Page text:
15 people identified in a few hours during a recent inspection
On Monday, during a late night inspection around the city with a few other officials, Collector S. Nagarajan identified 15 mentally ill and homeless people within a few hours’ time and got them admitted at the Emergency Care and Rehabilitation Centre at Periyakulam in Theni district.
The incident has brought into focus the not-easily-noticeable, yet significant, increase in the number of destitute and mentally ill persons living on the streets and the inadequacies on the part of government and civil society in addressing this problem.
For instance, a survey by a group of college students and a non-governmental organisation (NGO) Idhayam Trust in February this year at 14 public places identified 123 elderly homeless people, of whom 19 were mentally ill. “We were shocked that we could find so many people in a matter of few hours during daytime,” said G.R. Sivakumar, Director of the NGO.
In April, at least four deaths of elderly homeless people were reported in the city in two to three days, a person belonging to an NGO involved by the police in handling dead bodies in such cases said.
V. P. Manikandan, a marketing executive and an activist involved in the rescue of abandoned elders, said the present mechanism and infrastructure available were grossly inadequate to handle a problem of this magnitude. “To begin with, there is no clarity on who is responsible. If I notice a person and want to help, there is no single helpline available for me to contact. If I approach the police, they will direct me to Social Welfare department, who will, in turn, direct me to Government Rajaji Hospital or a home, who will not be ready to accept the person,” he said.
According to the district administration’s website, the Social Welfare department funds three homes run by NGOs for senior citizens. However, Mr. Manikandan alleged that the three homes were usually unwilling to accept abandoned elders, particularly if they were ill.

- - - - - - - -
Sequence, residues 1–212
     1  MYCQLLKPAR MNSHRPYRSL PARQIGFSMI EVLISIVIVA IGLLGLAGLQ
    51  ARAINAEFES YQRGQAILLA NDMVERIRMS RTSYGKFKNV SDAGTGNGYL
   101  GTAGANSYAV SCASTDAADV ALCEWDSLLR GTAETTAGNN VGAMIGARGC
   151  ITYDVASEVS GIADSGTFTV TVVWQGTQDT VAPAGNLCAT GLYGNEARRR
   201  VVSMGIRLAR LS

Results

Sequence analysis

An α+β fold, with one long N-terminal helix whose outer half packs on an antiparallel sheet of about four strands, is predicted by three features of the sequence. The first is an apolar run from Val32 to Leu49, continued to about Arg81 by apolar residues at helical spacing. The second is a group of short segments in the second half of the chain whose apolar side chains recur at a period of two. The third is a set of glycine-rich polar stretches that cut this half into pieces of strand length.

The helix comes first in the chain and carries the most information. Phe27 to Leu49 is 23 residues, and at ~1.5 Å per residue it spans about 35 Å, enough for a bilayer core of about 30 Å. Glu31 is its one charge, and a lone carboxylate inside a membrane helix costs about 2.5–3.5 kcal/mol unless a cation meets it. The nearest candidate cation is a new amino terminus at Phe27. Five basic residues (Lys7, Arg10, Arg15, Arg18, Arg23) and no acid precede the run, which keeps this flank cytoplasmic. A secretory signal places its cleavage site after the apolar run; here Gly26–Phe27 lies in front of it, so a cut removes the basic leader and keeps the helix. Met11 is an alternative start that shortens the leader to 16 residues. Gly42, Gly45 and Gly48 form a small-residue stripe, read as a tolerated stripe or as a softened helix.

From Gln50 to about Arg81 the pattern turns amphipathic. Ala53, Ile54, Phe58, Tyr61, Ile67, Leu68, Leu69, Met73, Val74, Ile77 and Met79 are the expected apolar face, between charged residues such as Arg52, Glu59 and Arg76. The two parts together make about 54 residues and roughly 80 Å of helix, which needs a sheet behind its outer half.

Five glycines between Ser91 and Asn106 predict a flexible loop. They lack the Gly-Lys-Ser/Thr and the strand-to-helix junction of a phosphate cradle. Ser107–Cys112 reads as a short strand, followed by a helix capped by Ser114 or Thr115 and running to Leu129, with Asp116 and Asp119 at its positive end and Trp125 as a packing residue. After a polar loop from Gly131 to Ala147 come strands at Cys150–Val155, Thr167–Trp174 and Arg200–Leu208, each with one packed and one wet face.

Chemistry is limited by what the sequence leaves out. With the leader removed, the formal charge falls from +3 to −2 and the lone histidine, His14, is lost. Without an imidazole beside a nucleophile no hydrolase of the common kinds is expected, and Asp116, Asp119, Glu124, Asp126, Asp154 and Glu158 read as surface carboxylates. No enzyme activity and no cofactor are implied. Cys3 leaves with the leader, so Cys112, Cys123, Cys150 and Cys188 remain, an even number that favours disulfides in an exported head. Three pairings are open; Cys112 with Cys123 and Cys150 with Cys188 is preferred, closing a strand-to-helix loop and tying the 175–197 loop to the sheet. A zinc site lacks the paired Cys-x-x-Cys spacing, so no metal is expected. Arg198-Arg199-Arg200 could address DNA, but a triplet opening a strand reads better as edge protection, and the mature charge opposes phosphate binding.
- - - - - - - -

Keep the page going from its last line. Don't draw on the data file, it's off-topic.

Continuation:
Similar situation prevails in the 12 Shelters for Urban Homeless Poor (SUHP) run by NGOs with financial support from Madurai Corporation. “Interestingly, those running the homes demand identity cards from the destitute people for admitting them, which is unreasonable,” Mr. Manikandan said.
Those running these homes, on the other hand, allege inadequate support from the government. A person running one of the SUHP said that the fund provided by Madurai Corporation was insufficient to maintain the home. “Our homes are intended for short stays. However, people end up staying for a long period. We do not have the resources to look after persons who are ill,” he said.
Highlighting the need for more shelters with government support, R. Balagurusamy, Chief Medical Officer, Nethravathi Pain and Palliative Care Centre, which takes care of terminally ill elderly persons, stressed that regulatory mechanisms and clarity on processes to be followed were equally needed.
“The government must inspect all the homes to check if they have adequate infrastructure and, importantly, determine which type of persons can be sent to which home,” he said. “Also, those in old age homes must have access to basic healthcare so that they do not become terminally ill, as palliative or hospice centres are very few,” he said. Mr. Manikandan said the most difficult to handle were destitute persons who were mentally ill. “The home run by M.S. Chellamuthu Trust and Research Foundation almost always runs to full capacity. In GRH, they do not admit them for treatment if there are no persons to accompany the patients,” he said.
Acknowledging the complexities involved in the issue, Mr. Nagarajan said gradual yet significant steps were being taken by the government to address the problem. He said that the present focus of the district administration was on rescuing mentally ill persons, mainly women, who were most vulnerable and often subjected to sexual abuse.
“For instance, one of the women we rescued on Monday night is found to be HIV-positive. She has been taken to the Anti-Retroviral therapy (ART) Centre in Theni for treatment,” he said. “We have five ECRCs in the State now – in Theni, Tiruppur, Villupuram, Tiruvannamalai and Vellore districts. Each has a capacity of 50 beds and three psychiatrists. The government plans to set up such centres in all districts,” he added.
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